The Education Insider: Back to School

We’re pleased to be kicking off the new academic year with a new series of blog posts – over the coming year, education expert Jodie Lopez will be giving you a real, clear and honest opinion of primary assessment, cutting through a lot of the complicated terminology and giving you the essential information you need. In the first of her blog posts for us, she discusses the latest information released from the DfE over the summer.

As teachers pack their sun loungers back in the garage and dust off their laptops ready to start a new, fresh academic year, I would like to hope that assessment is not even passing through their minds yet. However, with the release of the SATs progress data due in early September 2016, it is likely that assessment is certainly at the forefront of SLT members’ minds across the land.

We know that 47% of Year 6 pupils failed to meet the expected grades in maths, reading and writing back in July, and for many schools, that means the progress measure will be vitally important – the difference between meeting floor standard or not, the difference between coasting or otherwise. What is not clear yet is whether or not schools will find out, along with their progress data, what is to be considered “good” or “good enough” progress for the cohort. Early indications hinted that anything positive would be considered good and potentially even a tiny negative, i.e. -0.2 or similar, would scrape over the line – but this is all hearsay at the moment. It may be that September does not hold the answers yet either, and we might have to await the December performance data.

So with a lack of news on that front, did the DfE take the opportunity to release any new information this summer? Well yes…kind of. There were two major assessment announcements (one before the holidays and one during) which both represent a lack of any changes – slightly out of character given the year we have just had!

The first piece of “news”, back in July, was the release of the Interim Teacher Assessment Framework documents for 2017. After a quick excited read through, it seems, however, that they are exactly the same as the standards for 2016. Word for word. The only change is in the guidance around requirements for children with SEND – a useful clarification excerpt. However, the descriptors and requirements themselves for meeting the standards, remain as per 2016…suggesting “Interim” might last for longer than we first thought. This means that Year 2 and Year 6 teachers can at least start this year with a good grasp of the outcomes required for 2017 – which will be a welcome relief, I am sure.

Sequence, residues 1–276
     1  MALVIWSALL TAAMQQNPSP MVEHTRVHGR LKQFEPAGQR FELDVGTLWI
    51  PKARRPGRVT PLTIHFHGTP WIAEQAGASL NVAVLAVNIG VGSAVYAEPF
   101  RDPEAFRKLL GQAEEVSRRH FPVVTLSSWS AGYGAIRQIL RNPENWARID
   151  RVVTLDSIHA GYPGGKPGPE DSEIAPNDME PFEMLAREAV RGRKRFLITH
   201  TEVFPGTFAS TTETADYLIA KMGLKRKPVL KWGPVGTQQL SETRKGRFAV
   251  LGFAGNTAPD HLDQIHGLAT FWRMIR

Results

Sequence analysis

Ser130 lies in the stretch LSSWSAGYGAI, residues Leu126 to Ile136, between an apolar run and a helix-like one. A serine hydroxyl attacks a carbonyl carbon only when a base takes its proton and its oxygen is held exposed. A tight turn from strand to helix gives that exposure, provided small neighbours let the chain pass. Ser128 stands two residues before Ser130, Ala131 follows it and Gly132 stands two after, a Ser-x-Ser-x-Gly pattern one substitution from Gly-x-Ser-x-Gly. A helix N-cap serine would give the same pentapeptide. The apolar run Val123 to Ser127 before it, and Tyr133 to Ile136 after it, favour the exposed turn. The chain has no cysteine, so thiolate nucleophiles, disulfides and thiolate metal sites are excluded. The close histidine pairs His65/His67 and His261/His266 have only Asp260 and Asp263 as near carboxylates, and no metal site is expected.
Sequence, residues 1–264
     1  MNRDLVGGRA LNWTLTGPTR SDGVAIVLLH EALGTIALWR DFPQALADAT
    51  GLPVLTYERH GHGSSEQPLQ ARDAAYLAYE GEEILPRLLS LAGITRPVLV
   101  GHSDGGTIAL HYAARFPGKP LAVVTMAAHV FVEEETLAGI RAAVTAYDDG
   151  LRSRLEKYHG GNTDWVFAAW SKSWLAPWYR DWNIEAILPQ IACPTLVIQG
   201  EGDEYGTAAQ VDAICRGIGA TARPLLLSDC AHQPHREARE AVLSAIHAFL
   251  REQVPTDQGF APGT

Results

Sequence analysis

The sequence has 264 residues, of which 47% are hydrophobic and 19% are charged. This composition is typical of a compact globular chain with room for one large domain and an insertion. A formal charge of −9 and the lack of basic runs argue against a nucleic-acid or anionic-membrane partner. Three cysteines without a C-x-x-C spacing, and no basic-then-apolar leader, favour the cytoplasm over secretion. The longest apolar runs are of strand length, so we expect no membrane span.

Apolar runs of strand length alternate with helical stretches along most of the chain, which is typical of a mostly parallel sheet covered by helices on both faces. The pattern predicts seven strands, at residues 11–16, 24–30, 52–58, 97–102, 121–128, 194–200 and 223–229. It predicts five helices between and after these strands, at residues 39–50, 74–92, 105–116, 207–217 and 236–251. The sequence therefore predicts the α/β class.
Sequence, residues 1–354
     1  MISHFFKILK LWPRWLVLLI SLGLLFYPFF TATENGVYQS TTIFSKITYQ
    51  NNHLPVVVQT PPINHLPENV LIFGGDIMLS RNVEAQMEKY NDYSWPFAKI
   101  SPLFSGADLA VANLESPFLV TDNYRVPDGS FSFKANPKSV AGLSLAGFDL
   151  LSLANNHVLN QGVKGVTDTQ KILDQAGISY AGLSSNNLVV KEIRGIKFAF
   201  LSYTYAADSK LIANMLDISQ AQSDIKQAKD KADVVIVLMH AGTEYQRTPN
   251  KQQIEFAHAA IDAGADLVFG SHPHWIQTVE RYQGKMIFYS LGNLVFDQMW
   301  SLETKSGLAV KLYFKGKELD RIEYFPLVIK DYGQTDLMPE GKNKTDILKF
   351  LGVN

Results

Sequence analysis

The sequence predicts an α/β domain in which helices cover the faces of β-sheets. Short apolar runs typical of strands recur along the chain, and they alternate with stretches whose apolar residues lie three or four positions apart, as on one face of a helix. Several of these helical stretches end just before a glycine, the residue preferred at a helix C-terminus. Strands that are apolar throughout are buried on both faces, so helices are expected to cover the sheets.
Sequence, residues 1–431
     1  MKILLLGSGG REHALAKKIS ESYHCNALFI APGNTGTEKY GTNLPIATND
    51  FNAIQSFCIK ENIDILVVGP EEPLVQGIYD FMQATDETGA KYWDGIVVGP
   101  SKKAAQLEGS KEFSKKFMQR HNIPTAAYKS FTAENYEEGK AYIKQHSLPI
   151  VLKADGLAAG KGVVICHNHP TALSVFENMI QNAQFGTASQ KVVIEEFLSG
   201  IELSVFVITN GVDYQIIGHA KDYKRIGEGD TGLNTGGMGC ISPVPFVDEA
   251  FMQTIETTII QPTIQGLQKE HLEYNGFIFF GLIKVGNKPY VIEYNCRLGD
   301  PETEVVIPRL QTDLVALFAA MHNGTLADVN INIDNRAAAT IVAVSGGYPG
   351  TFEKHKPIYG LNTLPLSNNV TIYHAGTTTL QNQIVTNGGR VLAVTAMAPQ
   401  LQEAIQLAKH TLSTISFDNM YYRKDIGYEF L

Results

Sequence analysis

The second piece of news is slightly more surprising (although really I suppose we should have seen this one coming!) The DfE wrote to schools during the holidays to inform them that the Foundation Stage Profile, which we thought we had waved goodbye to in summer 2016, has been reinstated for 2017. The profile as an accountability measure was due to be replaced with the Reception Baseline tests but after they were scrapped earlier this year, following a review into the results, it seems the EYFSP has come back into the fold, all previous faults forgiven. This will be music to the ears of EYFS practitioners, I suspect, as most people I had spoken to were keen to keep using it for their own assessment purposes anyway at the end of Reception year.

Whilst there is still much unknown about how primary assessment will continue to change over the coming months and years, I think we at least start this year with a bit more certainty and knowledge than we had this time last year. We wish all schools every success when those long awaited progress results are announced!

Jodie is an award winning ex-primary teacher who now works as a Freelance Edtech Consultant. Her interest in using technology in education has led to her working with a number of educational technology businesses since leaving the classroom. Most recently she has been Head of Education for an assessment system provider and has specialised in helping schools to transition to the new curriculum and leaving levels behind. Follow her on Twitter here.

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